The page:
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Ticket sales for MU events provide big boost for Columbia's economy

Monday, August 29, 2011 | 7:05 p.m. CDT; updated 3:54 p.m. CDT, Tuesday, August 30, 2011
Kevin Schawo, of Columbia, shops for a new Mizzou T-shirt at Tiger Spirit on the corner of Ninth and Cherry streets on Oct. 19, 2010, for the 2010 homecoming football game against Oklahoma. Tiger Spirit employees said they get so much business during homecoming weekend that by game day customers won't even be able to get into the store.

COLUMBIA — As Columbia Convention and Visitors Bureau board members tore into their rolls at Monday’s lunchtime board meeting, bread and butter of a different kind was on the agenda: the $118 million generated by the MU Department of Athletics.

On Wednesday, a group of graduate students from MU’s Trulaske College of Business reported their findings on the economic impact of MU athletics. They studied the revenue from corporations, ticket sales, concessions, parking, team merchandise, hotels and restaurants from July 1, 2009, to June 30, 2010. 

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Zack Odem, a team leader for MU’s Office of Sponsored Programs, was one of those students. Odem was not surprised by the group's findings. 

“It’s a huge number,” Odem said. “Bottom line, if the athletics department wasn’t in Columbia, there wouldn’t be approximately $118 million in the economy.”

The study established the value of a ticketed university event, Odem said. These events include NCAA games, state high school athletic competitions, concerts and shows.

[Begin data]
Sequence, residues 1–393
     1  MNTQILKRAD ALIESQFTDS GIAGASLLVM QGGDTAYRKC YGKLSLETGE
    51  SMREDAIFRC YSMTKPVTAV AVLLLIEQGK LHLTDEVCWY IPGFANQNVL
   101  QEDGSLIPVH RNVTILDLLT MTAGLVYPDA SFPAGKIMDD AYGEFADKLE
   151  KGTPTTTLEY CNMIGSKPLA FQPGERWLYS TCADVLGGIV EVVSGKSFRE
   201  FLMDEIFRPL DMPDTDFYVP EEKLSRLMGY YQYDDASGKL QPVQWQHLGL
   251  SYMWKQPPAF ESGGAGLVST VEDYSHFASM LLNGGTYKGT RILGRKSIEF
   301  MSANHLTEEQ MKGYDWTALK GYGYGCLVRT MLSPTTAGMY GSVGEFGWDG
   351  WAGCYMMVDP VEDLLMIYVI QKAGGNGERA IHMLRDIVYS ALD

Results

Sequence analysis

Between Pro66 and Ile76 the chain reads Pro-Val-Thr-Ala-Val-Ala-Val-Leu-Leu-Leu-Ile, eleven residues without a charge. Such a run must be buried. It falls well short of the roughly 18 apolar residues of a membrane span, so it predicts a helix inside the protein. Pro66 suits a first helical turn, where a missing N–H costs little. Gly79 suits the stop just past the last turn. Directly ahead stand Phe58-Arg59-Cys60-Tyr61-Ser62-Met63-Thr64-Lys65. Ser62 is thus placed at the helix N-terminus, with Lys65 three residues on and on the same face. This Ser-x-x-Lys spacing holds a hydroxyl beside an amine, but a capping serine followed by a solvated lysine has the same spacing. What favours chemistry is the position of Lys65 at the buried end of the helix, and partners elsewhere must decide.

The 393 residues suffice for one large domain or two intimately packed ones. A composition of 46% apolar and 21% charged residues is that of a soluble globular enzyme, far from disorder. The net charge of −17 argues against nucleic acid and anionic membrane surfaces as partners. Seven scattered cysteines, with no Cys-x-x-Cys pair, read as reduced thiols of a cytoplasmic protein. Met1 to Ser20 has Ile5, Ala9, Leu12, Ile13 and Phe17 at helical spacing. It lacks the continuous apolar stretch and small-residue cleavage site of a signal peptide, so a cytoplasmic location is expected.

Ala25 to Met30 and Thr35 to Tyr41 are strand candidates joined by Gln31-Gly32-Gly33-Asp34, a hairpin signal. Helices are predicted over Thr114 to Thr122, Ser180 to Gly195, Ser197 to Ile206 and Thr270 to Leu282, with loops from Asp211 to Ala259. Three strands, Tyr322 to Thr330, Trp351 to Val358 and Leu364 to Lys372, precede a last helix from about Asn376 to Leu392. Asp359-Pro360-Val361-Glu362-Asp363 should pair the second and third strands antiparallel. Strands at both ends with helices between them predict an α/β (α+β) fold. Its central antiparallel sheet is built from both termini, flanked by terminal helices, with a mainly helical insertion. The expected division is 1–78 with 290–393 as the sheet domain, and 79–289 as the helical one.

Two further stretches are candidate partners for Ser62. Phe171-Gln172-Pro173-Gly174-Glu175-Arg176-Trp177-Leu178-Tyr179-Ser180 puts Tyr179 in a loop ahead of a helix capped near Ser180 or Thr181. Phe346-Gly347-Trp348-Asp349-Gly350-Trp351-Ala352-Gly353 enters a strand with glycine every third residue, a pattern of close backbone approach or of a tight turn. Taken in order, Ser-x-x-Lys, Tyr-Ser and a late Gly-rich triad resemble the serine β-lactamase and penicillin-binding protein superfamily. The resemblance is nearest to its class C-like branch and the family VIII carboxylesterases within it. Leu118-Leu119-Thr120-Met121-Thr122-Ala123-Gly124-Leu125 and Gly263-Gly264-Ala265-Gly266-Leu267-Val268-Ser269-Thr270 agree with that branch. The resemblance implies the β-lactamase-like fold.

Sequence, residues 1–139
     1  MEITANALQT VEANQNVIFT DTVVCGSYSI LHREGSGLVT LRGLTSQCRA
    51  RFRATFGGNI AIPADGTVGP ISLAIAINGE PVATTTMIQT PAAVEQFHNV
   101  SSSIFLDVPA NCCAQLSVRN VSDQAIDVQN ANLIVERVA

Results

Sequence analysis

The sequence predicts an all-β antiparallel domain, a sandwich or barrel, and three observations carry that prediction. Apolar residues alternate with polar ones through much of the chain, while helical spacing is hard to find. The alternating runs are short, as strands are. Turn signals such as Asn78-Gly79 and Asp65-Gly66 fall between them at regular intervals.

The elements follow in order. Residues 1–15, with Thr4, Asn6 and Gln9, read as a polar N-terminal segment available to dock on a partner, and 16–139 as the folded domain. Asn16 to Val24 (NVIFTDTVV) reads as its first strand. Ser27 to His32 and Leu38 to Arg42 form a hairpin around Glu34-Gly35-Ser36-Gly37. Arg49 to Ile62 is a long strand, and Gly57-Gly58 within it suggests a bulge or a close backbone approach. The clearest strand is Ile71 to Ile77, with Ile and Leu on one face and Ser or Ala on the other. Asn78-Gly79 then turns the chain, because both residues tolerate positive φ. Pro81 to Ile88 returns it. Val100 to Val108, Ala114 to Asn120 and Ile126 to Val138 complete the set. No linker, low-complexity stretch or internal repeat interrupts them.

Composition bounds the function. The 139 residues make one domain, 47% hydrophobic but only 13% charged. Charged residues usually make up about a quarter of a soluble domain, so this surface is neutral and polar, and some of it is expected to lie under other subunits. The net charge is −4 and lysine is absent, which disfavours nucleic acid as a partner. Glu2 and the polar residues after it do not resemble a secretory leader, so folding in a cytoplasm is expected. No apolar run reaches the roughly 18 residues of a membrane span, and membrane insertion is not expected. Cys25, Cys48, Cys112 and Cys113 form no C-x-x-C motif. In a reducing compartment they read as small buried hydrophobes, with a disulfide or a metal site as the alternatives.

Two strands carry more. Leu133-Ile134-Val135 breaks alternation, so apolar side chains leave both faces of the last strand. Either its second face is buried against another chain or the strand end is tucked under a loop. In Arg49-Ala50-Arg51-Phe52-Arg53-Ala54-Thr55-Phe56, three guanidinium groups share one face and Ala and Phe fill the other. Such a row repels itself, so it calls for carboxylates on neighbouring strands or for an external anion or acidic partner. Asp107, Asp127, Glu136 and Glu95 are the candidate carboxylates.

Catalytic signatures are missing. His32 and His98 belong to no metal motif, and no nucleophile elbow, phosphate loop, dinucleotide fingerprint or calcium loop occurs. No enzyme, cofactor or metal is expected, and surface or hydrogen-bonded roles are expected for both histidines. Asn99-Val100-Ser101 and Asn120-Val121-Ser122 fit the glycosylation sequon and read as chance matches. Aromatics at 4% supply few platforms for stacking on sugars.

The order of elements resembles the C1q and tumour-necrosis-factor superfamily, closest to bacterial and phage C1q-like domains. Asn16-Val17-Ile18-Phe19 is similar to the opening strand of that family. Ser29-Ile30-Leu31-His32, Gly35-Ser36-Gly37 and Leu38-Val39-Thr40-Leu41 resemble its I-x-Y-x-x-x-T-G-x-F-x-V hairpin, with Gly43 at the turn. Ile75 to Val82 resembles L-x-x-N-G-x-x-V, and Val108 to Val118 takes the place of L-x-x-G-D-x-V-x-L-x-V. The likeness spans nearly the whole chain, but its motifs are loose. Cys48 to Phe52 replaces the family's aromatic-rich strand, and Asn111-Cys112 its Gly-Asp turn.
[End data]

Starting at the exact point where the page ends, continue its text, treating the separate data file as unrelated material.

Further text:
Odem said the group used established methodology for its study.

“We didn’t try to reinvent the wheel,” Odem said.

Kim Trabue, office administrator of Peckham & Wright Architects and a visitors bureau advisory board member, was impressed by the serious nature of the study.

“I feel it’s of the quality you would expect of a professional firm,” Trabue said.

Odem said the study was conservative. It excluded non-ticketed events, such as the Show-Me State Games, even though those events also bring people to town who eat in restaurants and sleep in hotels.

In the short term, the study provides the Columbia Chamber of Commerce and the visitors bureau with information they can reference to answer economic questions. The long-term impact is harder for Odem to predict, but he thinks it may help shape Columbia’s economic planning.

Amy Schneider, interim director of the visitors bureau, agreed.

“Any kind of economic benchmark you can find is nothing but an opportunity to build your strategic plan,” Schneider said. 

Schneider said it was nice to see what MU athletics bring to the community.

Jeremy Brown, co-owner of Sophia’s and Addison’s restaurants, said he appreciates the boost MU sports bring to his businesses.

“If you're talking about football Saturday weekends — if it’s a day game — we see up to a 50 percent increase in sales,” Brown said. 

Although night games can cause a slight slump in diners, he sees the overall impact of athletic events in a positive way. 

Jim Price, manager at C.C.’s City Broiler, also noted an increase in traffic after day games, but night games are problematic for the restaurant, which is only open for dinner.

“If it’s a night game, it kind of kills (the evening's business),” Price said.


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